Surgeons report progress against dangerous hospital infection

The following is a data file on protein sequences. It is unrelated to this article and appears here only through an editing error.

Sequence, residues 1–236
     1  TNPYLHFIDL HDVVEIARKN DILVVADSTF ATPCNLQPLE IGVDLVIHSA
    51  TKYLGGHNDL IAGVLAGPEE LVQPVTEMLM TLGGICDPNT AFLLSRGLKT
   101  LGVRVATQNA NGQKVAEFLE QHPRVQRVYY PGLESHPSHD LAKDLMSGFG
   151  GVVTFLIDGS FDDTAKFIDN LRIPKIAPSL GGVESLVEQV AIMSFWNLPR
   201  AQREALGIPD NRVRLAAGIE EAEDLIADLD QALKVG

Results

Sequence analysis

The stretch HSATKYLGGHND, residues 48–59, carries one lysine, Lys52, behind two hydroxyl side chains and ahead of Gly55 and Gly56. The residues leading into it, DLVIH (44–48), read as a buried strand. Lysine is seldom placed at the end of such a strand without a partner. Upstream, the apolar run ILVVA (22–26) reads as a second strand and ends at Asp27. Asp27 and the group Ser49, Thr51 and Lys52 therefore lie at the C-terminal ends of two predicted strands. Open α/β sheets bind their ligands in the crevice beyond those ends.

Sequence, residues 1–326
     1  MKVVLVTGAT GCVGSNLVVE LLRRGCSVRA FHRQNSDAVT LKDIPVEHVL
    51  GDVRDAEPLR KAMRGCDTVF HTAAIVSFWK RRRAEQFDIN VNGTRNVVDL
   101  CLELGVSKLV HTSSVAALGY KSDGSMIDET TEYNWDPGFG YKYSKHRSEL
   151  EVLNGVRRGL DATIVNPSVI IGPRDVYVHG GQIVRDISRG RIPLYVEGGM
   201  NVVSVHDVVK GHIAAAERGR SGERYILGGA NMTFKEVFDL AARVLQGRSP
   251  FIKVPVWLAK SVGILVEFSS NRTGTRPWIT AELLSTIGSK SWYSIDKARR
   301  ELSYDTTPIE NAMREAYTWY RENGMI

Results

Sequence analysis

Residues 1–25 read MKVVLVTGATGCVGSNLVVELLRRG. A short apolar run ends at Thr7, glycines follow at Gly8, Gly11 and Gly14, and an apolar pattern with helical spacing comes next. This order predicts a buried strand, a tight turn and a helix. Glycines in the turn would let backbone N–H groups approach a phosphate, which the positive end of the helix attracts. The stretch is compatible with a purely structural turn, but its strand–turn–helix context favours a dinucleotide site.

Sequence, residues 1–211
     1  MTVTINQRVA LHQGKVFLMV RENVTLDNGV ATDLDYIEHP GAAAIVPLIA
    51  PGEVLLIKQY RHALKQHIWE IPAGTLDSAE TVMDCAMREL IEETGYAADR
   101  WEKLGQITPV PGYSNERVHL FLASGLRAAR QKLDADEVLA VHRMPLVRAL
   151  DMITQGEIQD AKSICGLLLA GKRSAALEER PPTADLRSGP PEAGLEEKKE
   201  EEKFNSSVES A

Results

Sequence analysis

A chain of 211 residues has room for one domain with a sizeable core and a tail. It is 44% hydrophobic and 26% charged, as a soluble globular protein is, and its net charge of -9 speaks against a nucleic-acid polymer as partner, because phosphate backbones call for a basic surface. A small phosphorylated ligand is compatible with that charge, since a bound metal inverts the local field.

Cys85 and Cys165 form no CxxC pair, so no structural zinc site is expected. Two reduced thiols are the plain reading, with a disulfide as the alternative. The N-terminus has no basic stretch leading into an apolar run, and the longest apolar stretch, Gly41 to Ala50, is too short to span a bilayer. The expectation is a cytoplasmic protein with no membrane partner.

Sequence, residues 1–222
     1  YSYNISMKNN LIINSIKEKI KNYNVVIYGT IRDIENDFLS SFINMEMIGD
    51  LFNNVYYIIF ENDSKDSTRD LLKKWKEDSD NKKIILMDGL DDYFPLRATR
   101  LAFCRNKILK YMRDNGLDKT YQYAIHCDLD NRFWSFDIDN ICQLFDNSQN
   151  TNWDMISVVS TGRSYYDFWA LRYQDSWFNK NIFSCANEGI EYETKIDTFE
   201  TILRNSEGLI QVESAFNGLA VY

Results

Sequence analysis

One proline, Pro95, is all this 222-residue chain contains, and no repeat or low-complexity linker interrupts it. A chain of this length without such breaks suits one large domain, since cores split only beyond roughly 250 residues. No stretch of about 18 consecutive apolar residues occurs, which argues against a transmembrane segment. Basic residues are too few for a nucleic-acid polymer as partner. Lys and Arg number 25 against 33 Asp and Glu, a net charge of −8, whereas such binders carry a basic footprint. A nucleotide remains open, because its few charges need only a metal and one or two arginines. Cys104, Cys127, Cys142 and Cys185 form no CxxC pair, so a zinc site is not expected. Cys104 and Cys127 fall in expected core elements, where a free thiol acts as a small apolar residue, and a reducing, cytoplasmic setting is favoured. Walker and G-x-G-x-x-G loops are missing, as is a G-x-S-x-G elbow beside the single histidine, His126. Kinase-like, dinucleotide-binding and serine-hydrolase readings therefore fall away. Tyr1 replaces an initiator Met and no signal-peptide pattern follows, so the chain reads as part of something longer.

There has never been any medical treatment available to prevent Clostridium difficile. But in findings presented Thursday at the 2012 Annual American College of Surgeons Clinical Congress in Chicago, surgeons report success using a medicine called intestinal alkaline phosphate (IAP) to prevent C. difficile infections in tests on mice. "According to the CDC, C. difficile is linked to about 14,000 U.S. deaths every year," says Dr. Richard Hodin, a surgeon at Massachusetts General Hospital and the principal investigator of the study. In the study, Hodin and colleagues found that giving IAP to mice on antibiotics resulted in a 10-fold decrease in C. difficile bacteria in their stool, as well as a 10-fold decrease in in inflammatory marker called IL-1.
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